The secret to a confident smile often lies in the aesthetics of our teeth and gums – straight, clean teeth without unsightly gaps or cracks and pinkish gums not only make for a better-looking smile, it also means our mouth is healthy.
But what if we have a niggling missing tooth or one that’s cracked, if it's hidden at the back of the mouth – does it really matter what it looks liked?
Attractive and natural-looking teeth help us to feel good about ourselves. So if we have a missing tooth, should we opt for implants rather than a bridge?
We may have lost a tooth thanks to an injury, playing sport and even through illness. But, whatever the cause, missing teeth can impact negatively on our quality of life – socially as well as in our high and wellbeing.
With the gap filled, we can eat what we want, smile and laugh without embarrassment and speak without hiding our mouth.
Luckily, cosmetic dentistry offers numerous solutions to suit all pockets and problems.
Bridges are replacement teeth that are individually designed to match your natural teeth in look and feel. These are placed on natural teeth and anchored by the teeth either side of the gap.
Dental implants are artificial roots firmly anchored into the jawbone onto which dental crowns are place. Crowns may also be placed on top of natural teeth.
Joe Bhat is a specialist oral surgeon and prosthodontist at Moor Park Dental Centre.
He explains: ‘Implants have shown to have one of the highest success rates in all of fixed reconstructions for missing teeth. One of the major advantages of providing dental implants is that there is no need for unnecessary tooth destruction of the adjacent teeth to provide bridgework.
‘Once any tooth preparation is undertaken, it is causing a permanent and irreversible destruction of the tooth which has long-term implications. A significant number of these teeth tend to become non-vital and require root canal treatment at a later date. This reduces the long-term success of bridgework and the replacement tends to involve utilising more teeth for the construction of a longer-span bridge.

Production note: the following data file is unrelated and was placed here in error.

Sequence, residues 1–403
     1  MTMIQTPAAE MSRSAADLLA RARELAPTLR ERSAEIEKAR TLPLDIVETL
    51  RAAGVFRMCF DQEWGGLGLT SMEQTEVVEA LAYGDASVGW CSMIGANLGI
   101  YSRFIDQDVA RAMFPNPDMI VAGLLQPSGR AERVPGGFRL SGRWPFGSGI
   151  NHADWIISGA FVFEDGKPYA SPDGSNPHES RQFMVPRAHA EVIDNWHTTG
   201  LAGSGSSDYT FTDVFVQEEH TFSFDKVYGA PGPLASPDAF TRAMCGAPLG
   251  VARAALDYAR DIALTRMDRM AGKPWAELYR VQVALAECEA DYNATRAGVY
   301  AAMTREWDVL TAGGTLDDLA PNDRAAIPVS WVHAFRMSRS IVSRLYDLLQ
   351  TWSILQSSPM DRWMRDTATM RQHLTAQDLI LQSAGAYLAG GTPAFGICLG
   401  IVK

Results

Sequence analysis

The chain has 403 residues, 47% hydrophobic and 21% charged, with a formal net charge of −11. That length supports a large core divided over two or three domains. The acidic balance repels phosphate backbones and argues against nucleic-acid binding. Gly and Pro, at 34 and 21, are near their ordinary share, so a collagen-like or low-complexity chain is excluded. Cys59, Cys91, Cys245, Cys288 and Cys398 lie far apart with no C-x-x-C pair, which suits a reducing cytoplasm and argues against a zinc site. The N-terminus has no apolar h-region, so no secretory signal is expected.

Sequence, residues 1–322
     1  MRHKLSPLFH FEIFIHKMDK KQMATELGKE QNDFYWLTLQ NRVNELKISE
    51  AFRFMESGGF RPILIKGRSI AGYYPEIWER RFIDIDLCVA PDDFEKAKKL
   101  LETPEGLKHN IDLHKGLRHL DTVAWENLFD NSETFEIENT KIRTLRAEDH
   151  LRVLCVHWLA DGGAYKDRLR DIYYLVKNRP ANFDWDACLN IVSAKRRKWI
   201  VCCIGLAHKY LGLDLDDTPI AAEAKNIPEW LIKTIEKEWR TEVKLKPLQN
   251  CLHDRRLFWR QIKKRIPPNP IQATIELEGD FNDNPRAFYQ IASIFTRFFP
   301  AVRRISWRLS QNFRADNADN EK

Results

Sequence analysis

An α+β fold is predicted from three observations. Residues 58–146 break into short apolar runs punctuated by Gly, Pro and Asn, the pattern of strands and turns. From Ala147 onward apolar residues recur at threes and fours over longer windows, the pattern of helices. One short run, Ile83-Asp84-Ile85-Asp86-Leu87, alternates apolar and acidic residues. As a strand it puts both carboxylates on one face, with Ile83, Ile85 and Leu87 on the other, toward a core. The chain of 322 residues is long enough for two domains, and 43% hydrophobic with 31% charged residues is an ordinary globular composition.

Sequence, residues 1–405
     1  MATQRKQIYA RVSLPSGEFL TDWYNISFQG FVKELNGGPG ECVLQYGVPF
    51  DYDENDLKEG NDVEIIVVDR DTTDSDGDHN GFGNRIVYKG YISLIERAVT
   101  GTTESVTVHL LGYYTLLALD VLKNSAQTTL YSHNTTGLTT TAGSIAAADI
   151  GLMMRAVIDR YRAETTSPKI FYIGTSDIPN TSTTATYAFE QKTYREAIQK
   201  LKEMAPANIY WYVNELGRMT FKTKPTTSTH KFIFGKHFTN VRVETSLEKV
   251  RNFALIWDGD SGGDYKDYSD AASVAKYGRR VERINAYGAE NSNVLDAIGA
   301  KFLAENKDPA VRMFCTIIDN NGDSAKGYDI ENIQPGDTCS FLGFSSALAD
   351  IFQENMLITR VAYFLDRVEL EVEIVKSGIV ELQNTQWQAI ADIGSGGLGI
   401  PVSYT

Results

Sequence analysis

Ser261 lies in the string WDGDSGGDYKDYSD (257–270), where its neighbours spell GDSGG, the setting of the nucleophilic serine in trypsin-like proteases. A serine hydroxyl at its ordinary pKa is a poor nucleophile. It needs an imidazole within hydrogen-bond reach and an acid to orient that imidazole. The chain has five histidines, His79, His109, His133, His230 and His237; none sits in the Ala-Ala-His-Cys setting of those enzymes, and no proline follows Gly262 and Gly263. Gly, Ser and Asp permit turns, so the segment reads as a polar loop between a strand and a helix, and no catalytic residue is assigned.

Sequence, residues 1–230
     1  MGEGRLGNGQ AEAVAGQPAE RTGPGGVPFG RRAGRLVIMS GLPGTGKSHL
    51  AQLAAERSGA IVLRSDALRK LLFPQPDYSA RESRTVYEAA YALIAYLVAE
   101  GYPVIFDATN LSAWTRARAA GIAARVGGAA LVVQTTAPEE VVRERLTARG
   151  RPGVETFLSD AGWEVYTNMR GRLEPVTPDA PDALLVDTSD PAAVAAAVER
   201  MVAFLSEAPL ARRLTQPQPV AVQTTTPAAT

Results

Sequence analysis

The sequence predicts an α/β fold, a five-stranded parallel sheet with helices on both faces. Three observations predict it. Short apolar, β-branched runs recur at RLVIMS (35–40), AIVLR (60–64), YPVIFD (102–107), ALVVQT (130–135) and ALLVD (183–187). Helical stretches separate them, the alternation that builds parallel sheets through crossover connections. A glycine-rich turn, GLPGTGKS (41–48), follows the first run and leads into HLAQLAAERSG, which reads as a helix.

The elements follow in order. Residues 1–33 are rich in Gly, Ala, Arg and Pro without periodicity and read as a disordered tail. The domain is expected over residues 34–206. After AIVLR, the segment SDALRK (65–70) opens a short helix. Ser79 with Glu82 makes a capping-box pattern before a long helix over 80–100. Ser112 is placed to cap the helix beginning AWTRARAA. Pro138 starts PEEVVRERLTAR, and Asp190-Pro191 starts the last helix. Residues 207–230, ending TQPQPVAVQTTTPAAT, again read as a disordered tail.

‘Construction of such fixed bridgework can also lead to difficulty in cleaning as it will be no longer possible to pass dental floss between the teeth, making cleaning more challenging. Patients who have bridgework also require specific brushing techniques. This is taught to them by the dental team and involves specific use of interproximal brushing aids and regular checks to make sure that the surrounding gums around the bridgework remains healthy.
‘Patients do have the choice of a Maryland bridge, which does not involve removing precious tooth structure for the construction of the bridge. However, this tends to be more successful for the anterior (front) teeth and has very limited success for the posterior (back) teeth.’
Dental implants, on the other hand, produce a near like-for-like replacement for a missing tooth. A dental implant is placed carefully within a jawbone in exactly the same position as the previous root of the tooth that is missing and, after a period of three months, the implant can be successfully restored with a fully functioning and aesthetically pleasing crown.
As it is a stand-alone structure, it is relatively easy to clean and maintain and, most importantly, there is no damage to the adjacent teeth.
Dr Bhat says: ‘A dentist is fully qualified to provide you with the best advice for any type of dental reconstruction. The most non-invasive dental treatment currently available in the dental market is the use of a removable partial denture.
‘Understandably, a number of patients are reluctant to wear a removable prosthesis. Therefore, patients tend to opt for a fixed reconstruction and, in such cases, wherever possible dental implants have certainly become the first choice replacement option.
‘Sometimes, dentist will seek the help of a registered specialist for the implant reconstruction. Although, more and more dentists are placing and restoring straightforward dental implants within their own practice.’